Spiceology, founded in 2013, has primarily grown by selling products to chefs and restaurants over the years. However, since the pandemic began in 2020, Spiceology has started marketing more to home cooks. This led the company to get serious about figuring out who those consumers are. 

“When it comes to customer insight, we have a ‘more is better’ approach,” Overstreet explained.  Currently, one-third of the brand’s shoppers are Chrome users who have already disabled third-party cookies, he explained. This has pushed the brand toward procuring more first- and zero-party data to grow its DTC channels. 

First, Spiceology started focusing on collecting the most basic data: emails, phone numbers and zip codes, Overstreet said. The company recently started experimenting with building out an SMS customer list. These pieces of information are collected as part of Spiceology’s first-party data customer profiles, which can be captured during the sign-up welcome email or after a purchase.

But eventually, the brand wants to have access to visitors’ granular taste profiles via quizzes and questionnaires, such as the cuisine and seasoning preferences of everyone who visits the Spiceology site and is interested in placing an order. The company is starting to build this out by creating a separate website for its chef and restaurant customers, set to debut this month. Meanwhile, the current site will focus on asking at-home cooks when and how often they plan to use Spiceology products as they browse different pages.

Grasping for data

For companies that have many SKUs, data collection is not only becoming important to assist in future marketing efforts, but to help them figure out what products different types of customers want.

This means using campaigns like quiz and survey pop-ups to gauge the customer’s personality traits, said Jillian Tate, senior vp at media consulting agency Bounteous. Bounteous works with companies like DTC soap brand Dr. Squatch and kombucha brand GT’s Living Foods on how to better target their wide demographics.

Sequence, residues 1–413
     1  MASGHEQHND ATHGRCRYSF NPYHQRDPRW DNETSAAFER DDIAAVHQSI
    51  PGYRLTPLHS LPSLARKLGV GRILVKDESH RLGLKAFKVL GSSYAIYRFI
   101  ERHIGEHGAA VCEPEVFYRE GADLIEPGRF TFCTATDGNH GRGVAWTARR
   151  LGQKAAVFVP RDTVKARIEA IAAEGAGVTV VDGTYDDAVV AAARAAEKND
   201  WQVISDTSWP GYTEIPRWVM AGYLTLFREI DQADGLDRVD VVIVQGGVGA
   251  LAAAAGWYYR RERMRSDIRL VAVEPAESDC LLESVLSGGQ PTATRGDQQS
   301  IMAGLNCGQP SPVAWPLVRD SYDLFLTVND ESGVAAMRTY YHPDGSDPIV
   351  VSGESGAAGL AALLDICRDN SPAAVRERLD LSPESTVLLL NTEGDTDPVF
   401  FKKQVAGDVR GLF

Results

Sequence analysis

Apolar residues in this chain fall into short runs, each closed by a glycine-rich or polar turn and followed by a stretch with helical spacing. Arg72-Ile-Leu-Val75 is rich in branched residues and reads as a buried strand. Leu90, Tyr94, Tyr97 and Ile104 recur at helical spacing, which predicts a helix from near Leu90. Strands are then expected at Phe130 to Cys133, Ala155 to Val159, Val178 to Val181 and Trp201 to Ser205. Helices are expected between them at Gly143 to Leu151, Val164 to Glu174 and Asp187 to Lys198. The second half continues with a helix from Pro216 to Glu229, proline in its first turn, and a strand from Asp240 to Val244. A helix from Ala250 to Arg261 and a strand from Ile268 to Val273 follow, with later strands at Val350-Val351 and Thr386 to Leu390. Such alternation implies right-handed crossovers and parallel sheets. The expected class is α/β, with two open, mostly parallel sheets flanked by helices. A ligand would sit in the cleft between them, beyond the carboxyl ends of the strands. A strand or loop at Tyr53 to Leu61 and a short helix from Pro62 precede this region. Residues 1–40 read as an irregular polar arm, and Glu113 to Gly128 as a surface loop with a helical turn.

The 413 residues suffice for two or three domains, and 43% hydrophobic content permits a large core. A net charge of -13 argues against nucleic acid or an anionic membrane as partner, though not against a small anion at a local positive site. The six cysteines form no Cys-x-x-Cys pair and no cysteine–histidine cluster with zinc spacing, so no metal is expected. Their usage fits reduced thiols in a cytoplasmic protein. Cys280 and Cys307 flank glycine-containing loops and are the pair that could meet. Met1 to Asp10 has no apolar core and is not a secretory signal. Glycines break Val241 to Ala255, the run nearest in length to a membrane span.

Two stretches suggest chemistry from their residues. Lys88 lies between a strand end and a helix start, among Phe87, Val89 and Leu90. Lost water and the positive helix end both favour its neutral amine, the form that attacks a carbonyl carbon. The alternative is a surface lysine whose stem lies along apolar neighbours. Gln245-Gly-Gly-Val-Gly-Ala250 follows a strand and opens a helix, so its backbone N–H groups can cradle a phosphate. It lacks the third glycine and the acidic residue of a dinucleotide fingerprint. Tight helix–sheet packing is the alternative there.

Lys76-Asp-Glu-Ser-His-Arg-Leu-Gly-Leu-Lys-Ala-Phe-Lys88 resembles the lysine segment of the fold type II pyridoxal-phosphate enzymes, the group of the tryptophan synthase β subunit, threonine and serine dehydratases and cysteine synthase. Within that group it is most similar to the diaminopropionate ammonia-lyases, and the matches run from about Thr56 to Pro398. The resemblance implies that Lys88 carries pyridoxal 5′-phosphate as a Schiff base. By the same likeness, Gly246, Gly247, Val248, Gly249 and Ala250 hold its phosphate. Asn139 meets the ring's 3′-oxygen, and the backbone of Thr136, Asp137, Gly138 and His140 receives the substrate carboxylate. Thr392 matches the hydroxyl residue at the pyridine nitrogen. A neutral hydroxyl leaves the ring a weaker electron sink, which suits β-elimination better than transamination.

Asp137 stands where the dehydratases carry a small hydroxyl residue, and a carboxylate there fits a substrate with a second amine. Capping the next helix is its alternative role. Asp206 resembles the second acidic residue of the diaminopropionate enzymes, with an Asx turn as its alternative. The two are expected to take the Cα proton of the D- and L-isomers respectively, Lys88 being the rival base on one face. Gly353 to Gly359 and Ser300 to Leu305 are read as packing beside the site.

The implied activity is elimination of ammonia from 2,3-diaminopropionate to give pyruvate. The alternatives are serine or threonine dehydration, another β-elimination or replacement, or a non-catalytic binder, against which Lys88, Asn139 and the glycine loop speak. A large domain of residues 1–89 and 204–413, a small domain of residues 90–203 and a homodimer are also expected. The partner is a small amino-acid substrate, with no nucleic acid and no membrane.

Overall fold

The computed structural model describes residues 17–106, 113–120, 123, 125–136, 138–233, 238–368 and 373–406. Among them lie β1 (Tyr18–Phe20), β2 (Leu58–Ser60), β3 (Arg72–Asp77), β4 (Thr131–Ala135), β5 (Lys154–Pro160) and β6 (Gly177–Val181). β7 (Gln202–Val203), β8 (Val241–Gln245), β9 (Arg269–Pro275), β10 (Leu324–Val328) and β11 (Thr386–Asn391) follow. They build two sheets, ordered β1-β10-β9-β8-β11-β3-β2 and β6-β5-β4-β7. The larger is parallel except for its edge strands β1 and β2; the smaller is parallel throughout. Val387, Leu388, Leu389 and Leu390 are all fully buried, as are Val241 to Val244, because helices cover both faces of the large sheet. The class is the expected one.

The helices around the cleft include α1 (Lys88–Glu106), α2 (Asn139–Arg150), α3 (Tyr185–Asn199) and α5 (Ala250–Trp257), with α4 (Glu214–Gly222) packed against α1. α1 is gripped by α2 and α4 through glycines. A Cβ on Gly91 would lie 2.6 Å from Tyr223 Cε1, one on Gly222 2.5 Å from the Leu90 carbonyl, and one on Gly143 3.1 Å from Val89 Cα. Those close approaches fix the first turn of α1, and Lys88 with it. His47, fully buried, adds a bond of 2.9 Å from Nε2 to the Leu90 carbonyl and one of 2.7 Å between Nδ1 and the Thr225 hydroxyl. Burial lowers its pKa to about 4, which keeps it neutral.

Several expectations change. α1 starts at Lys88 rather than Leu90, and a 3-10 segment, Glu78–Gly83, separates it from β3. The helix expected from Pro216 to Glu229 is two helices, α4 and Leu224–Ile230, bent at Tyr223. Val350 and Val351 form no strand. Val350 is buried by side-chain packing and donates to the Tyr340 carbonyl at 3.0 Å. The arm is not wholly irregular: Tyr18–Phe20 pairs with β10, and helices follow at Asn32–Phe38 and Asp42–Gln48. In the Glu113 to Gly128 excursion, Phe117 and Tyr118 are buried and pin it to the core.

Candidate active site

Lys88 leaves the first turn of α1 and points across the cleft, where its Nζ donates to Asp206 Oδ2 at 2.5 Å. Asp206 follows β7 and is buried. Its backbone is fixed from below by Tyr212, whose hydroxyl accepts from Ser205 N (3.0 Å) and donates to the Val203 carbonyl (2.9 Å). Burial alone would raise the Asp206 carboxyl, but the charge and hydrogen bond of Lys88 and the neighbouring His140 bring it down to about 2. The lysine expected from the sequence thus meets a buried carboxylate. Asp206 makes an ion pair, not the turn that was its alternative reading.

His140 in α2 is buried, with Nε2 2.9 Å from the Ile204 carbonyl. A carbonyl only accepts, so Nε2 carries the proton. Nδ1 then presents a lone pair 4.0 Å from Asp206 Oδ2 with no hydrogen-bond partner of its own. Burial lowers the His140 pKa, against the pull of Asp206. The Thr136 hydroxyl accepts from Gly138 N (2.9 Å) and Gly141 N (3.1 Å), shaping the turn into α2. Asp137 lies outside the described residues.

“Some brands are seeking seemingly unrelated info that could help them curate customers’ future content,” Tate said. “We encourage clients to extract personality traits via BuzzFeed-esque personality quizzes on their sites.” For example, in an effort to collect zero-party data, Dr. Squatch is asking customers what their favorite cocktails or outdoor activities are. “So someone who likes Scotch and camping is then served woodsy soaps.”

On the other hand, Tate noted that GT’s Living Foods is approaching zero-party data by running product sweepstakes. Earlier this year, the brand offered an entry to win a year’s supply of its Synergy kombucha line in exchange for the user’s flavor preferences and email. 

Early days

Still, zero-party data is still in its early stages of application. 

Benji Joachim, director of analytics and insights at marketing agency AudienceX, which works with 1-800-Flowers and John Hardy, said that “zero-party data collection is not a perfect fit for every client.”

“The concept is still getting fleshed out among marketers,” Joachim noted. He went on to say that because zero-party data doesn’t immediately generate revenue, investing in collecting it may not make sense for every consumer brand or service. “For some brands, focusing on first-party data may be a better fit for the time being.” 

Indeed, zero-party information collection is still in its infancy, and marketers are gauging how to best apply it to brands’ strategies. 

The trick to executing the zero-party data strategy, Forrester’s Liu said, is to be “very transparent with the customer about the value exchange.” For instance, she said brands should be explicit that they’re asking about the customer’s activity preferences in order to serve them more accurate product recommendations. This is especially true due to global privacy laws continuing to change. “Because the exchange is not transactional, the key is to not treat it like a data fishing expedition.”